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Snails and Slugs



Debbie Roland, Master Gardener

Several years ago I lucked into a 6’ in diameter tub from the recycling center. It’s about 30” tall and already had a hole in the bottom so it was the perfect bed to grow all different kinds of greens. Since it was to be a food source, I would be able to really monitor what went into the soil.


I began adding compost, wood chips, potting soil and every food scrap from my kitchen (no dairy or meat). This is the third year and I now have a foot of soil growing all types of spinach, Swiss chard, lettuce and collards. Mid-summer I noticed a vine trying to take over the bed. It was full of blooms so I let it grow.


Sure enough, it is some type of melon growing from food scraps. While trying to figure out what kind it is, I picked it up and the underneath was covered in snails who were eating into the melon.


So what to do about slugs and snails. There are commercial products on the market but since we will be eating the produce, I’m looking for another way. Here are some of the options I found.


*Pick them off. Yuk. Wear latex gloves and go to your garden an hour or two after the sun goes down or very early in the morning. Bring a flashlight. Check in any shady area – they like the dark. While you are there, check for eggs as well. They appear in clusters, are colorless and about the size of a BB. You can also make a vinegar solution (equal parts vinegar and water) and spray directly on the snail or slug.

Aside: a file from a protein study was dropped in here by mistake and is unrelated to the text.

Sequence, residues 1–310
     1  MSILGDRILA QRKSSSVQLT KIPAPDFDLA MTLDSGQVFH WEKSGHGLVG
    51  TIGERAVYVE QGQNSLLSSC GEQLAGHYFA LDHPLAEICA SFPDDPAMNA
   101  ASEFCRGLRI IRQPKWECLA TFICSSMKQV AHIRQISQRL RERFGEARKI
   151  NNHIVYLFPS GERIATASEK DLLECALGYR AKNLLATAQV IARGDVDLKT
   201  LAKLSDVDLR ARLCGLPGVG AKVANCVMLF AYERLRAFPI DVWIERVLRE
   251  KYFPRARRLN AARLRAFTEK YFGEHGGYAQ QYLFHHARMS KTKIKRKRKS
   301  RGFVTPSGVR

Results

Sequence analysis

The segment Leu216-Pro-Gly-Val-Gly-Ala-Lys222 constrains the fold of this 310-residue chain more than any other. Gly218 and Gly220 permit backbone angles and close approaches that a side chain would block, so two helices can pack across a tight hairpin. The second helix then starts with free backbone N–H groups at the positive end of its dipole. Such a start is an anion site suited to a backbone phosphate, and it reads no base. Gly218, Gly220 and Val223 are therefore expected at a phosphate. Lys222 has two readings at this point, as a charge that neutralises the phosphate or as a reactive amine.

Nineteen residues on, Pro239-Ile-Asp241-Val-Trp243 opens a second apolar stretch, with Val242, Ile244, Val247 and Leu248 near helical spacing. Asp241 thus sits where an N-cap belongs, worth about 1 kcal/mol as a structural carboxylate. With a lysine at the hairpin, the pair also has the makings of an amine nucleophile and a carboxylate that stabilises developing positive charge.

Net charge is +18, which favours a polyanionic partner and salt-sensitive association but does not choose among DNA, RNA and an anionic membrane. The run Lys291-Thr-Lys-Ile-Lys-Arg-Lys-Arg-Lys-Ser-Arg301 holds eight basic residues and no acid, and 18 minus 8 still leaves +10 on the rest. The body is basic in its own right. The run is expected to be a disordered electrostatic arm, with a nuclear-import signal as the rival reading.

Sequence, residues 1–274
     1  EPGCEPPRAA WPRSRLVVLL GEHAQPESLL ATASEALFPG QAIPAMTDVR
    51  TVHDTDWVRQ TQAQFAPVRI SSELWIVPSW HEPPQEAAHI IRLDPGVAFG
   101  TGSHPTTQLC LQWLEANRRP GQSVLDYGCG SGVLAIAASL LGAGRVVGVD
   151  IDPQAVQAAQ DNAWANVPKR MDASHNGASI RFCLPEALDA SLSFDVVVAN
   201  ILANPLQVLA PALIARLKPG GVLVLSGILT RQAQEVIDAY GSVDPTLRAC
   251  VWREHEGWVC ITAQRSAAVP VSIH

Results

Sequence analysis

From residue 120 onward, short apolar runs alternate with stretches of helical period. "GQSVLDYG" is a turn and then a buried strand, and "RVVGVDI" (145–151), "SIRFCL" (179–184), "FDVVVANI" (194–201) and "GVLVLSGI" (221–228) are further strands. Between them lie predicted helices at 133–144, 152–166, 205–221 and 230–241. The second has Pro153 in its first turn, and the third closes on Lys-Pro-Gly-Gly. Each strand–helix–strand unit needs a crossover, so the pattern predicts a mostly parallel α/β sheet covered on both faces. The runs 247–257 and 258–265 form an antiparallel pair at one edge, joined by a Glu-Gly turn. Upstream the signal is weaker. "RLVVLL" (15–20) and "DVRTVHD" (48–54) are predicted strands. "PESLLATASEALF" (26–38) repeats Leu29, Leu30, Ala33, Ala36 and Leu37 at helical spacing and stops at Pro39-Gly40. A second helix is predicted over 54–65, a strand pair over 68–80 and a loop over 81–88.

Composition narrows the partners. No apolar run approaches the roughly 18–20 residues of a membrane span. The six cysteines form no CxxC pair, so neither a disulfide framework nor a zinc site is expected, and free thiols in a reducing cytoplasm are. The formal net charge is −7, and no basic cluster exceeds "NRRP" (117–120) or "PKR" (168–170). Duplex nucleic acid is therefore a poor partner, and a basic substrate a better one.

*Pour cornmeal and in small piles around your garden. They eat it, it expands in their stomach and kills them. Another option is to put cornmeal in a jar and lay it on its side. They will crawl in and have their last meal.


*Diatomaceous Earth is a natural product that has find edges that the snails and slugs don’t like. If it rains, you will need to reapply. It is less effective when wet.


*Coffee grounds. They don’t like the smell and will stay away from it. It doesn’t kill them though and they may revisit. Bonus: Coffee grounds are good for your garden.


*Copper surfaces. They don’t like copper. Several sources said that it gives them a mild electric shock. If you don’t have copper pieces laying around your house, try throwing in some pennies.


It is important to take care of snails or slugs as soon as you see them. They are hermaphrodites (female and male) and lay eggs up to six times a year.


If you have questions, please call the AgriLife office in Odessa at 498-4071 or in Midland at 686-4700 for more gardening information. Additional information is available at https://aggie-horticulture.tamu.edu and westtexasgardening.org.


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The Permian Basin Master Gardener program is designed to support the Texas AgriLife Extension Service and provide horticultural training to Permian Basin Citizens.

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Midland County Extension

2445 E Hwy 80

Midland, TX 79706
 

432-686-4700

https://midland.agrilife.org/contact/

Ector County Extension

1010 E 8th Street

Odessa, TX 79761

432-498-4071

https://ector.agrilife.org/contact/

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